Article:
Alexander Walkden, 1st Baron Walkden

  (Redirected from Alexander Walkden)

Walkden (on right) as part of a Trades Union Congress delegation to Downing Street in 1925

Alexander George Walkden, 1st Baron Walkden (11 May 1873 – 25 April 1951) was a British trade union leader and Labour politician.

Trade unionismEdit

In 1906 Walkden was appointed the fourth General Secretary of the Railway Clerks' Association (the modern Transport Salaried Staffs' Association) at a particularly important point in its history. His immediate predecessor, John Stopford Challener, had absconded with most of the union's money—a crime which was only discovered after he committed suicide in Paris. Walkden was an extremely able administrator and socialist, who in his thirty years as general secretary built up the impoverished union into a respected organisation which was influential in both the Labour Party and the trade union movement. In his period of office he was also influential in the creation of the International Transport Workers' Federation (ITF). At thirty years (1906–1936) he is the longest-serving general secretary in the history of the RCA/TSSA, his nearest rival being the fifteen years served by Richard Rosser between 1989 and 2004. When the union built its new headquarters building adjacent to London's Euston railway station in the 1960s, it was named Walkden House in his honour.[citation needed]

Political careerEdit

Walkden unsuccessfully stood for Parliament as the Labour candidate in Wolverhampton West at the 1918 general election, at a by-election in 1922 and at the 1922 general election. He was unsuccessful again in Heywood and Radcliffe in 1924,[citation needed] but was elected at the 1929 general election as Member of Parliament (MP) for Bristol South.[1] Although seriously ill for much of the 1929–1931 Parliament, Walkden was active in pressing for legislation to create London Transport, a long-time policy of the union. The Labour government fell before the London Passenger Transport Act could be passed, and he lost his seat in the 1931 general election but as a union leader, he pressed the subsequent National Government to reintroduce the bill, which it did in 1932, and it came into effect in 1933.[citation needed] Walkden was re-elected for Bristol South at the 1935 general election, serving until he retired from the House of Commons at the 1945 general election.[1] on 9 July 1945 he was elevated to the peerage as Baron Walkden, of Great Bookham in the County of Surrey.[2] He then served under Clement Attlee as Captain of the Yeomen of the Guard (Deputy Chief Whip in the House of Lords) from 1945 until 1949.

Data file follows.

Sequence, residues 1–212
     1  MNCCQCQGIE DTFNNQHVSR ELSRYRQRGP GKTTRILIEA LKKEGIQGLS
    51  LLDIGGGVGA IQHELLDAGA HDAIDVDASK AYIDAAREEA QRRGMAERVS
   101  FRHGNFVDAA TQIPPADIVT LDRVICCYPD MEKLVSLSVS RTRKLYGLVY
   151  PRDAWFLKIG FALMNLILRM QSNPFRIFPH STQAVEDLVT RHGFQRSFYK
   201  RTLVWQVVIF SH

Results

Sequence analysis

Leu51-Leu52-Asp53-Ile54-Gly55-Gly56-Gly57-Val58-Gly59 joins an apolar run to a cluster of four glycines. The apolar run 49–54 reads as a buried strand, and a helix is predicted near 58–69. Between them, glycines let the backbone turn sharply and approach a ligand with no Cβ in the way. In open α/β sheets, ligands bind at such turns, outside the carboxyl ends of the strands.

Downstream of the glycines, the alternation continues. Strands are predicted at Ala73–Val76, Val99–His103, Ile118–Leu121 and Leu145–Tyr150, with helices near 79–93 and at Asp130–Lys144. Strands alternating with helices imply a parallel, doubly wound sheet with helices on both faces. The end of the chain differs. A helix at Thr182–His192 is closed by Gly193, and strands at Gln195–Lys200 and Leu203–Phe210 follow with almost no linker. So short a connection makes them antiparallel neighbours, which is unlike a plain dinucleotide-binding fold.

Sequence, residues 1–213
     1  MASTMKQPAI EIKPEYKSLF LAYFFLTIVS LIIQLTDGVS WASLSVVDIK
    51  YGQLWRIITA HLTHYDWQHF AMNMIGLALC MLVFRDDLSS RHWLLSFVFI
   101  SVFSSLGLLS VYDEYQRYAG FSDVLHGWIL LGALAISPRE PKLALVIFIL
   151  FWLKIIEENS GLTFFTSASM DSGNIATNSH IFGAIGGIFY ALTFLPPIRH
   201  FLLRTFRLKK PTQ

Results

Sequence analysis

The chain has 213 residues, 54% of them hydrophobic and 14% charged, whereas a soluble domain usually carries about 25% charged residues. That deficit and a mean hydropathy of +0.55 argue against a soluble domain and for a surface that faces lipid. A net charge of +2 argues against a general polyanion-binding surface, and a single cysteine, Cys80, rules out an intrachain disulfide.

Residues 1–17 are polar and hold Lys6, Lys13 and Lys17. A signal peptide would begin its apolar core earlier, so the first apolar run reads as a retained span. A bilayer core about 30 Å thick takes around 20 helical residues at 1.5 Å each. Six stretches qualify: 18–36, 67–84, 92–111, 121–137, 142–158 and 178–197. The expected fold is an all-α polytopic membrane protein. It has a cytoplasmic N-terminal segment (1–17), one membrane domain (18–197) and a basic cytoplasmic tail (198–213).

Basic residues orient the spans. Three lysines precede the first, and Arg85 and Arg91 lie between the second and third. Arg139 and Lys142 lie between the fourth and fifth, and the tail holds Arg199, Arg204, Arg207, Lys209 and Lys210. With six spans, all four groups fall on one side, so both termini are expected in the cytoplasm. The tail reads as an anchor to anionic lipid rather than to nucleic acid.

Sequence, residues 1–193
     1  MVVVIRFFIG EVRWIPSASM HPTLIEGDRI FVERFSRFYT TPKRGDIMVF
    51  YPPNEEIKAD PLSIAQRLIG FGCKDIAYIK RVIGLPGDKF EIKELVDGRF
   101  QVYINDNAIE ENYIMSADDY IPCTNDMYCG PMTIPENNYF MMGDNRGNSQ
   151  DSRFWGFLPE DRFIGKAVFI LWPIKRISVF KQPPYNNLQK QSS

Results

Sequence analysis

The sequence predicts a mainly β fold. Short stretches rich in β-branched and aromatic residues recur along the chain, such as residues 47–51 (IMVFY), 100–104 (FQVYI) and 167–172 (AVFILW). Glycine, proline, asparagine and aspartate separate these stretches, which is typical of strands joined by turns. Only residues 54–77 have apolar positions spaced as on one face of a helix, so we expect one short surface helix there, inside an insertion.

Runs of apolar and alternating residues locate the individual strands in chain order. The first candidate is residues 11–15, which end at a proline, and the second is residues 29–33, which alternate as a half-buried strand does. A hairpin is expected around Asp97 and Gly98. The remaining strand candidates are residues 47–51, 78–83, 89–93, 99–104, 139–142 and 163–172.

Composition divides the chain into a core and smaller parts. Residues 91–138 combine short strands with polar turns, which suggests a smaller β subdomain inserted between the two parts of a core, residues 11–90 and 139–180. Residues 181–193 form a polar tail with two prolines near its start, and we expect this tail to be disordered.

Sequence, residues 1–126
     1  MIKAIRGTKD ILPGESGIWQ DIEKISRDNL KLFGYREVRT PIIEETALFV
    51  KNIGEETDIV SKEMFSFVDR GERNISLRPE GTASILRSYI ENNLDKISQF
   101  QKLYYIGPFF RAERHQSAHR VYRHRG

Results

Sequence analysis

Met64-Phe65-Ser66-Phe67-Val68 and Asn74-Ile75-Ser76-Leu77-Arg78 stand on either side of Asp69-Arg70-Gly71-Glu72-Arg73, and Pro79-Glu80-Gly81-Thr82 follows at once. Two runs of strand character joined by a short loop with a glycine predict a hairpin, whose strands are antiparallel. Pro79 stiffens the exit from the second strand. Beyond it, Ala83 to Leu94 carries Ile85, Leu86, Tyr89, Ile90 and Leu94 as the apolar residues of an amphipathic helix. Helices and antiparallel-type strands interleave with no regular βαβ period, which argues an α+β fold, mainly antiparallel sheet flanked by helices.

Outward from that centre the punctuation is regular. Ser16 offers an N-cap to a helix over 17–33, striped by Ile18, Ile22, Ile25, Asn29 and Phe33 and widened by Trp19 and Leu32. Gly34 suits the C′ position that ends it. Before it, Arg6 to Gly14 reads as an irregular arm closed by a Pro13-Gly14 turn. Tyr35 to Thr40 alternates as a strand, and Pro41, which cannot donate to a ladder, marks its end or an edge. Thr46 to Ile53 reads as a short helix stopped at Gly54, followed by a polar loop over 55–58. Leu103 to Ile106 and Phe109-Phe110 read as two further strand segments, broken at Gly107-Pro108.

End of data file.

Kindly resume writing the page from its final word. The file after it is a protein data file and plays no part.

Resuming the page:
Personal lifeEdit

Lord Walkden died in April 1951, aged 77, when the barony became extinct.


  1. ^ a b " House of Commons: Bristol to Buteshire and Caithness". Archived from the original on 10 August 2009. Retrieved 12 September 2010.
  2. ^ "No. 37177". The London Gazette. 13 July 1945. p. 3629.

External linksEdit

Parliament of the United Kingdom
Preceded by
Beddoe Rees
Member of Parliament for Bristol South
Succeeded by
Noel Ker Lindsay
Preceded by
Noel Ker Lindsay
Member of Parliament for Bristol South
Succeeded by
William Wilkins
Trade union offices
Preceded by
John Stopford Challener
General Secretary of the Railway Clerks' Association
1906 – 1936
Succeeded by
William Stott
Preceded by
John Bromley
President of the Trades Union Congress
Succeeded by
Andrew Conley
Preceded by
Joe Hall and Jimmy Rowan
Trades Union Congress representative to the American Federation of Labour
With: John Stokes
Succeeded by
Andrew Conley and Andrew Naesmith
Political offices
Preceded by
The Lord Templemore
Captain of the Yeomen of the Guard
Succeeded by
The Lord Shepherd
Peerage of the United Kingdom
New creation Baron Walkden